“Age?” Jacoby asked.
“Older,” Rummell said, “mostly white.”
“Mostly white,” Jacoby whispered to himself, “meaning...”
“Meaning stick to the high points. Church, fiscal conservatism-“
“Social security,” Jacoby finished nodding his head. “Stay away from gun control and welfare. Throw in the fact that I was a military doc. Got it.”
Content that the information was drilled in, as much now as it ever would be anyway, Jacoby slapped the folder shut. Began to extend it to Rummell before thinking better of it and tossing it onto the bed.
“We roll in three, sir,” Rummell said, turning on a heel and exiting the room just as fast as he had entered.
Standing rooted in place, Jacoby waited until the door closed behind him, swallowing up another burst of warm air and noise. Again he closed his eyes and moved his attention towards the ceiling, allowing the impending moment to wash over him, lighting him up from within.
There was a reason he found himself in this exact position. It was why he now wore an expensive suit and was about to stand in front of a thousand people, all paying inflated prices to eat bad hotel food and drool over his every word while so many others from his past had fallen by the wayside.
It was what had enabled him to land the beautiful woman that was currently downstairs setting the stage for him, and gave him access to any other he might desire whenever she wasn’t around.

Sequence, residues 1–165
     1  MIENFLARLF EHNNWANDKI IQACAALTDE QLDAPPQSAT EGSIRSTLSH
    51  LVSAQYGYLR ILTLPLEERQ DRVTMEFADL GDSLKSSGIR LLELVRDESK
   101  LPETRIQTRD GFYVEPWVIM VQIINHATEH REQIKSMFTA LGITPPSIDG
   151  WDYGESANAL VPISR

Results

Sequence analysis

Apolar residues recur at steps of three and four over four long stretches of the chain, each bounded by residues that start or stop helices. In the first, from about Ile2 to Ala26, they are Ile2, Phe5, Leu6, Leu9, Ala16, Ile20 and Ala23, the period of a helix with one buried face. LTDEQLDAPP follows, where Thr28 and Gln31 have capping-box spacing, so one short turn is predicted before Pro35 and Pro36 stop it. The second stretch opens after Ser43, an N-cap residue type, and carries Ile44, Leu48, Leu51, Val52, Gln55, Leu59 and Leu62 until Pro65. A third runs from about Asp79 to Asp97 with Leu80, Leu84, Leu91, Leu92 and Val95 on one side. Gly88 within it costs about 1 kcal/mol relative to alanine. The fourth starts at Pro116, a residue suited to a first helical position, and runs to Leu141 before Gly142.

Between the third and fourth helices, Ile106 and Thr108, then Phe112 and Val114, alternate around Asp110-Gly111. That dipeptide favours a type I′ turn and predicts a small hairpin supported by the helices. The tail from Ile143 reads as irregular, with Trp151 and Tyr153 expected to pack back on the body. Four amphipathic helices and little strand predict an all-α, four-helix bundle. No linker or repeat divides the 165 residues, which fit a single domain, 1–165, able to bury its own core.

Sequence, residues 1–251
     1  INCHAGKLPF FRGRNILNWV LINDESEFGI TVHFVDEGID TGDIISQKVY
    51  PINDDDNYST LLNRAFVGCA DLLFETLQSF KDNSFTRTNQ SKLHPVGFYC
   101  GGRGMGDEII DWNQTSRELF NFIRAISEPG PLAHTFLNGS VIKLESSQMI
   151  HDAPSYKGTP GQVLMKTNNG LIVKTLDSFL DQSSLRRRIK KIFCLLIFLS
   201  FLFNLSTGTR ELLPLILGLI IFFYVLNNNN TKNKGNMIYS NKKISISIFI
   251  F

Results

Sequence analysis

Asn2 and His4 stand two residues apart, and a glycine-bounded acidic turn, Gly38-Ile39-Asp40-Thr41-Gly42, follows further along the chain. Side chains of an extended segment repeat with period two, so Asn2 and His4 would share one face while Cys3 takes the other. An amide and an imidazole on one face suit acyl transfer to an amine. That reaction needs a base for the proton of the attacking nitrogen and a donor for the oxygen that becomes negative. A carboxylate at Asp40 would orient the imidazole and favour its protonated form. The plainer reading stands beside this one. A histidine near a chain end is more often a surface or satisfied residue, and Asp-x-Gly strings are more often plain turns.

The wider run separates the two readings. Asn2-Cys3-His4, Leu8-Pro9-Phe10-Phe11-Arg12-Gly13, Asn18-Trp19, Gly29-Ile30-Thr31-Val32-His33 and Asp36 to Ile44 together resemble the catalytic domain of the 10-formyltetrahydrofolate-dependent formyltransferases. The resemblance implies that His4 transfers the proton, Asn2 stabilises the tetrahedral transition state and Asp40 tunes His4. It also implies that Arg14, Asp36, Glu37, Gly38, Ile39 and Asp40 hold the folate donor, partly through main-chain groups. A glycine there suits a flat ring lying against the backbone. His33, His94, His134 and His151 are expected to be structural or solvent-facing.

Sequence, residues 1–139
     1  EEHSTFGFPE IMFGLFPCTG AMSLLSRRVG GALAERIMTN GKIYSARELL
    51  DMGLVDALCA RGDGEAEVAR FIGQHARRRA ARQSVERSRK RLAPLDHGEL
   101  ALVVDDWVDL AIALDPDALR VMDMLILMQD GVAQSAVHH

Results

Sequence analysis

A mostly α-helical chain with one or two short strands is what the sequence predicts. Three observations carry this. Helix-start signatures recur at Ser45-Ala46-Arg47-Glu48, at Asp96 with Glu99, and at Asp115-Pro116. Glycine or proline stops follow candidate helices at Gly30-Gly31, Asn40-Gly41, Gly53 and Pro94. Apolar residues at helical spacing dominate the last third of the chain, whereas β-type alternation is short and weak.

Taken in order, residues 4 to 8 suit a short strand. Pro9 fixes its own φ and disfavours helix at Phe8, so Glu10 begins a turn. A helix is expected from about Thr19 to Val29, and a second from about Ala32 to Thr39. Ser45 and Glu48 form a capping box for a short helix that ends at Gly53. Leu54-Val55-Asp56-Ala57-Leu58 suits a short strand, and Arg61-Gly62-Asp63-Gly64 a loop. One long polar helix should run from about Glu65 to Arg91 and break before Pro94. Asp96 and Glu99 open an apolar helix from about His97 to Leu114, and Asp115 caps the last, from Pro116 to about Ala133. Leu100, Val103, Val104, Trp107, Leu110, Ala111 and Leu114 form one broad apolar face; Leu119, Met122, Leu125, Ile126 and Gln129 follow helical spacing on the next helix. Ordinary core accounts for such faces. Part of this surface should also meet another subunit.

Not everybody could do what he did. They didn’t have the abilities he possessed, certainly weren’t privy to the unshakeable faith he had in them.
Retracing the few steps he’d taken just moments before, Jacoby again stood in front of the mirror. He tugged at either lapel, making sure his jacket rested just so across his chest, before pulling in a deep breath through his nose.
“Just remember,” he whispered, “you live for this shit, and you are going to be the next Vice-President of the United States.”
The sound of the screen door in the kitchen slamming shut echoed through the house, the familiar din of wood smashing against wood audible, no attempt made to catch it as it swung back into place. It still hung in the air, loud, ominous, as a new noise took over, the click of boot heels against a hardwood floor.
In a steady sequence they moved through the home, growing ever closer, my mind tracking their approach as they descended the narrow hallway before stopping at the threshold of the door to the bedroom. There they stopped, a shadow passing over the room as their owner paused, sliding her hands into the front pockets of her jeans and leaning a shoulder against the door frame beside her.
The feel of her stare weighed on my shoulders, obviously present, though not a single word crossed her lips as she stood.
As always, I had both the opportunity to explain if I wanted to and the assurance that no pressure will be applied if I didn’t.
All of this I processed through my peripheral vision, not bothering to look up as I jammed the loose assortment of garments strewn about the bed into a canvas duffel bag. With little regard for space or tidiness, I stuffed them in one after another, content to dig through at a later date for anything I might need.